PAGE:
The $553 billion asset U.S. Bancorp (NYSE:USB) has long been a banking powerhouse, consistently generating strong returns for investors. For its consistency and earnings strength, the bank has been rewarded with a rich premium and currently trades at 243% to tangible book value (equity minus intangible assets and goodwill).

Even with bank valuations trending higher in recent months, that's a very strong valuation, likely leaving investors wondering how much upside the stock has. Let's take a look at whether or not the bank still has tailwinds left in its business and where the stock can ultimately go from here.

Potential tailwinds

From a traditional banking perspective, U.S. Bancorp is well positioned like most banks right now to generate higher earnings in a rising rate environment. Like most of the industry, the bank saw net interest income decline between the the fourth quarter of 2020 and the first quarter of this year, as it anxiously waits for some loan growth.

But management expects net interest income to be at a low point and to only go up from here. Additionally, at the end of 2020, U.S. Bancorp disclosed that if the Federal Reserve were to raise its federal funds rate by half a percentage point, it would realize an additional 4.58% of net interest income over the next 12 months.

But sensitivity to interest rates and the yield curve is not unique to U.S. Bancorp. What is unique is the bank's burgeoning payments business that it has been significantly investing in and building up in recent years. U.S. Bancorp has built the necessary infrastructure to provide business credit and debit cards, stored-value cards, merchant processing, and corporate, government, and purchasing card services. The bank makes money on these products through credit and debit interchange fees, interchange on commercial cards used by its corporate customers, and other transaction and account management fees charged to merchants for electronic processing.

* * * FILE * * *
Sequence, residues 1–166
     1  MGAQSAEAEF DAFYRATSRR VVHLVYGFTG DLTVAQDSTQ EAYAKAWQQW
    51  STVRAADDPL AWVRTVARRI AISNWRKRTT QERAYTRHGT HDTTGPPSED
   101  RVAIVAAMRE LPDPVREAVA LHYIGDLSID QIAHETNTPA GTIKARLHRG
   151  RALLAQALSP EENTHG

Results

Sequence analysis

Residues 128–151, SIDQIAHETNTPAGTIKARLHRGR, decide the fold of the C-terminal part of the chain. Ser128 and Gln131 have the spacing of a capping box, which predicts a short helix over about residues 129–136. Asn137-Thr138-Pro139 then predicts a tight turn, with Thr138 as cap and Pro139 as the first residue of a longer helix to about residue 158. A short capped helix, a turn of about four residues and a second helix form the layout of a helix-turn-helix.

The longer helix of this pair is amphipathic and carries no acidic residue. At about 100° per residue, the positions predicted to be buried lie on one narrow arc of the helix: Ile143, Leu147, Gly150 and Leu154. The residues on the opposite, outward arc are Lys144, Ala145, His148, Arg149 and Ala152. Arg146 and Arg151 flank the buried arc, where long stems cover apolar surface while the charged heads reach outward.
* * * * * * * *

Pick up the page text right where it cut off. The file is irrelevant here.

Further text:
Photo of outside of a U.S. Bancorp branch.

Image source: U.S. Bancorp.

In 2020, U.S. Bancorp said payment services contributed $1.3 billion to the bank's net income, the equivalent of roughly a quarter of net income. And that number declined by $185 million, or 12.7%, from 2019. Additionally, payments in industries that got hurt during the pandemic such as travel, hospitality, and airlines still have not bounced back yet. U.S. Bancorp CFO Terrance Dolan said on the bank's most recent earnings call that he expects payments revenue across all industries to get back to pre-pandemic levels by the end of the year or early 2022.

U.S. Bancorp CEO Andrew Cecere also sees significant opportunity for its payments customers to drive revenue. He noted on the earnings call that less than 40% of the bank's merchant customers have a business banking product and an even lower number of business banking clients have a merchant product, presenting significant cross-sell opportunities.